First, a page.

Within 75 years, Vancouver’s waterfront homes ‘will probably be starting to flood’: report

An intense storm in Metro Vancouver that caused flooding and power outages. Instagram / Josh Collins

“Basically, if you live near the waterfront, within 75 years or so, your homes will probably be starting to flood.”

That’s the warning from Christianne Wilhelmson of the Georgia Strait Alliance, a marine conservation organization that has just released a new report warning the City of Vancouver about the increasing number of people living in areas vulnerable to flooding along the waterfront.

Map of sea levels, 2016 on the left and 2100 on the right if no adaptation measures are implemented. City of Vancouver

“We are looking at a one-metre rise by 2100, so that seems like a long time away and a metre may not feel like a lot but essentially you will have the base of most residencies flooded, roads will be flooded,” Wilhelmson said.

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The number of people living in floodable areas in Vancouver has increased by 67 per cent between 2006 and 2016, she noted.

READ MORE: Lower Mainland vulnerable to significant flooding, costing billions in losses: study

Water levels of 50 to 100 cm (19-39 inches) would create considerable damage, said a City of Vancouver report.

“Water on ground floor; basements and underground parking flooded, potentially causing evacuation; electricity failed; vehicles are commonly carried off roadways,” a report reads.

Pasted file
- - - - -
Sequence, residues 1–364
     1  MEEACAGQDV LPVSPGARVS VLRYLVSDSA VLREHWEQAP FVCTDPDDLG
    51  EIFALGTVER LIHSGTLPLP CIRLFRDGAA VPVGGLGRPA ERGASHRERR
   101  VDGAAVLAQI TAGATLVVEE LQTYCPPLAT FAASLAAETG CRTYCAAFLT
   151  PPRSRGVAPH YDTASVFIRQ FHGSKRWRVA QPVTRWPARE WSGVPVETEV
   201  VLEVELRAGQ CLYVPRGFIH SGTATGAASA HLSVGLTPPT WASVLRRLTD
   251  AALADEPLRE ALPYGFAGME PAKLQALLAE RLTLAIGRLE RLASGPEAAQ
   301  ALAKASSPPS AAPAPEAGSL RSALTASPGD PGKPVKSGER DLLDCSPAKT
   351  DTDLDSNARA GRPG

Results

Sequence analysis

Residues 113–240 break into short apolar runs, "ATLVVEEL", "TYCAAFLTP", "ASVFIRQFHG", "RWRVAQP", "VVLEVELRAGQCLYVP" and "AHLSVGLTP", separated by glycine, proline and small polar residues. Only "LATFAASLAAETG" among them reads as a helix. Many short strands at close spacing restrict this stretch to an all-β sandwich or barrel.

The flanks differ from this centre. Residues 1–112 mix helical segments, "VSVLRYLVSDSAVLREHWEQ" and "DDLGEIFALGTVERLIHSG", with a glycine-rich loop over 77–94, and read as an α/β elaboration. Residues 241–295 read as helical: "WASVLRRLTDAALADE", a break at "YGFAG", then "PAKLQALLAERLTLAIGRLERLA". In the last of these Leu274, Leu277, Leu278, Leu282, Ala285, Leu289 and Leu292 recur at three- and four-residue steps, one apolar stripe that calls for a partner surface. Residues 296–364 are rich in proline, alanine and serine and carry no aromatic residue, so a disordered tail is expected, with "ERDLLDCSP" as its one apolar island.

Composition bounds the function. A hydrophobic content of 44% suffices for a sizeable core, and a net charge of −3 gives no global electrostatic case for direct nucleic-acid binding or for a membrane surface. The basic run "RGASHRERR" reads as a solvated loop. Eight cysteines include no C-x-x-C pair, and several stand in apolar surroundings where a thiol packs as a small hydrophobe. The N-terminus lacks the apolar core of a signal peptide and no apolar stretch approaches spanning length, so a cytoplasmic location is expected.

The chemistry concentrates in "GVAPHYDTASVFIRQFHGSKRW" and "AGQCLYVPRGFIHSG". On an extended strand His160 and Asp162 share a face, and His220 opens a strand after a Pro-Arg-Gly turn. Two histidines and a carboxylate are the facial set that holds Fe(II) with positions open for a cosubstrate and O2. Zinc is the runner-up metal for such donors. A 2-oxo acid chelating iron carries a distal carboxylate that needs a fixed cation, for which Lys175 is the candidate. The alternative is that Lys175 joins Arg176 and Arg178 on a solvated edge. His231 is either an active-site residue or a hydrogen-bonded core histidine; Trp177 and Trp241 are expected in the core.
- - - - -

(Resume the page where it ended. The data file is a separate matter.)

In yellow map shows flood levels from 0-50cm, green depicts 50-100cm, light blue 100 to 200cm, dark blue 500+. City of Vancouver

Anything above 100 cm/39 inches would force the city to evacuate residents.

That’s how much the sea is expected to rise by 2100.

“We need to have everybody at the table who can come up with these (ideas), academics, engineers, urban planners, the city, the port, everybody at the table to start really figuring out how we can protect our infrastructure,” Wilhelmson said.

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But she said the report wasn’t solely concerned with flooding; she noted that they also found the city is losing much of its working waterfront.

“Industrial and business lands are being replaced by residential homes,” she said.

The group would like to see a process to develop policy goals and a vision for what residents want the waterfront to be.

READ MORE: Sea levels rising faster now than in past 3,000 years: study

“Without a plan, our waterfront is going to develop based on whoever can scream the loudest and that’s not the way to have a resilient and healthy waterfront.”

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The report was four years in the making and was created with the participation of 200 residents and stakeholders.

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